Committee chair Carlos Mariani, DFL-St. Paul, said the omnibus is a collaborative and bipartisan work. He said about 10 percent of the legislation folded into the omnibus was offered by Republicans, and various other bills had GOP coauthors.

Mariani said that when his committee started work in January, he hoped it would focus on what he called “community-centered public safety.” He said that meant focusing on four primary goals:

  • Hearing from crime victims and survivors.
  • Reforming the criminal justice system.
  • Prioritizing preventative over punitive measures.
  • Engaging in collaborative problem solving.

“Hopefully, we did well with these,” Mariani said.

Below we highlight a few of the 13 areas of committee focus that Mariani identified at the Tuesday hearing. They are ranked according to the size of new appropriations they contain.

Security investments ($7.023 million)

This budget area gets $7.023 million in new spending. Far and away the biggest share goes toward hiring new corrections officers in the state’s prisons to improve safety.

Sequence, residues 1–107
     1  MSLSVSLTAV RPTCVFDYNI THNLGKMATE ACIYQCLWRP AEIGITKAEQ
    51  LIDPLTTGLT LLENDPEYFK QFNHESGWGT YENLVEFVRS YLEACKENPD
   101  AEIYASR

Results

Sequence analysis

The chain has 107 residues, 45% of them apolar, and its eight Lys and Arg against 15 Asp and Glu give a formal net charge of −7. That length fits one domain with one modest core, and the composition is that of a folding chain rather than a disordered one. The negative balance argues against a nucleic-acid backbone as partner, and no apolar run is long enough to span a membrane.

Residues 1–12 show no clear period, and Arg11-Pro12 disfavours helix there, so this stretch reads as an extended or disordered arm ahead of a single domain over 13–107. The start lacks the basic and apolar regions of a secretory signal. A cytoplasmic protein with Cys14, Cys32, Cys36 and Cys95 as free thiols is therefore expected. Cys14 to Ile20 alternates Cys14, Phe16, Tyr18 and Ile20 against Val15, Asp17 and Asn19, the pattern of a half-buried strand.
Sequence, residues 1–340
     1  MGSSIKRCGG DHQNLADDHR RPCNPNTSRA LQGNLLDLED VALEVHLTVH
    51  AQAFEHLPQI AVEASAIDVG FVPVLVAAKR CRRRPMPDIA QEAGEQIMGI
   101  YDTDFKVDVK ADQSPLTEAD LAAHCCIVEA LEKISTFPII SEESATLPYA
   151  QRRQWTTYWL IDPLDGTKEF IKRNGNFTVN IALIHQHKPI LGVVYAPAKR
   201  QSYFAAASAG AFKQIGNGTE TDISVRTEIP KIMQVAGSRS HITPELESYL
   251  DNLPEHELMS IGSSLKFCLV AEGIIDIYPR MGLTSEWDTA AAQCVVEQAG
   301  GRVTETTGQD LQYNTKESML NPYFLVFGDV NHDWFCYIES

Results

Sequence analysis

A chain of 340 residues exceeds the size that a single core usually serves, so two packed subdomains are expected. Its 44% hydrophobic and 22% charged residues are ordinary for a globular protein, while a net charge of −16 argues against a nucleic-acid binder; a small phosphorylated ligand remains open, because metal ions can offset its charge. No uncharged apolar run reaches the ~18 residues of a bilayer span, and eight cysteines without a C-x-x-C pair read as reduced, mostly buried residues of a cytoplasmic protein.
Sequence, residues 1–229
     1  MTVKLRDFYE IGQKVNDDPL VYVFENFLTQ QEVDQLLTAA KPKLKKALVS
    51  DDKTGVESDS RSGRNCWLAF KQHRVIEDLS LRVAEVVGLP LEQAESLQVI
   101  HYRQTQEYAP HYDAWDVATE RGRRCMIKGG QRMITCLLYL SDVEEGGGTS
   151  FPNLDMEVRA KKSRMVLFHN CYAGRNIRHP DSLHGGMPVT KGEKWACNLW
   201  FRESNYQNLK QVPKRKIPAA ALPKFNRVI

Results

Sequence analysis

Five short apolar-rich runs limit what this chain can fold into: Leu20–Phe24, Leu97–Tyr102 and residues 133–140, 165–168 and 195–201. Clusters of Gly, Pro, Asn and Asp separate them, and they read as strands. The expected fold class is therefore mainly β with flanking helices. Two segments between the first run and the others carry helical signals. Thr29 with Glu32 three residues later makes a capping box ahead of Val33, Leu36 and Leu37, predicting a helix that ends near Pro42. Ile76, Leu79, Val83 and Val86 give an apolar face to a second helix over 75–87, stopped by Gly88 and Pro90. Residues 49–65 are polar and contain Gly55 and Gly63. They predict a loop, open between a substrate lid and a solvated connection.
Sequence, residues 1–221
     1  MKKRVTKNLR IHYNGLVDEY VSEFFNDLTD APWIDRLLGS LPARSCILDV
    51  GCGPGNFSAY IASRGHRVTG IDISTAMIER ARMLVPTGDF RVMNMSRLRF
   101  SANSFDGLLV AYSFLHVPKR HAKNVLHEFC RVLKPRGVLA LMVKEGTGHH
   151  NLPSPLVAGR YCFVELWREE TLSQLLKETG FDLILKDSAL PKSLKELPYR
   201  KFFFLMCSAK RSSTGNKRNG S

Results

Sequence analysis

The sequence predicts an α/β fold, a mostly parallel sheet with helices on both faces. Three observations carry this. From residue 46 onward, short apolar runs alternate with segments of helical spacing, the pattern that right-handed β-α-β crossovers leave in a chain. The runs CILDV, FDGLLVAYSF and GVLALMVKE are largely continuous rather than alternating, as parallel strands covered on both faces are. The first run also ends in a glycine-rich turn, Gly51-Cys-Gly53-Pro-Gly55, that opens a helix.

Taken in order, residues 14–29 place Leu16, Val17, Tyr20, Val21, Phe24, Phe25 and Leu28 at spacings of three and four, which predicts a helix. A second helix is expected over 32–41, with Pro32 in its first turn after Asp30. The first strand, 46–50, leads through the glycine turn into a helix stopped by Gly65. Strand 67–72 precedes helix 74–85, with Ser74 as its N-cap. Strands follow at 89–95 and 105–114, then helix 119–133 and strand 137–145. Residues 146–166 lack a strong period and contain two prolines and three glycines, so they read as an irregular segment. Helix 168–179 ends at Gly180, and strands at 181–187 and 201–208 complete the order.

Most of that spending pays for House File 1315 (lead author: Rep. Jack Considine, DFL-Mankato), which contemplates hiring up to 110 new corrections officers over the 2020-21 biennium. The omnibus bill puts $6 million toward that cause. Considine’s original bill contemplated hiring up to 210 officers by 2021.

The only other area of major spending in this section is a $600,000, two-year appropriation to the Division of Homeland Security and Emergency Management to extend a security grant program. That comes from House File 1850 (Rep. Heather Edelson, DFL-Edina).

Probation reform ($2.832 million)

Perhaps the marquee bill in this area is House File 689 (Rep. Jamie Long, DFL-Minneapolis). Though it spends only $400,000, it has potentially far-reaching impact. It would establish new maximum probation terms of five years for most offenders, ending supervised release terms that extend up to three decades in Minnesota. The bill would allow courts to extend probations up to five years if an offender fails to meet terms of probation or pay restitution. Violent criminals could have their terms extended an additional three years. People currently on probation would be released on Aug. 1, 2024, unless they are subject to an extension.

Other bills of note in this section: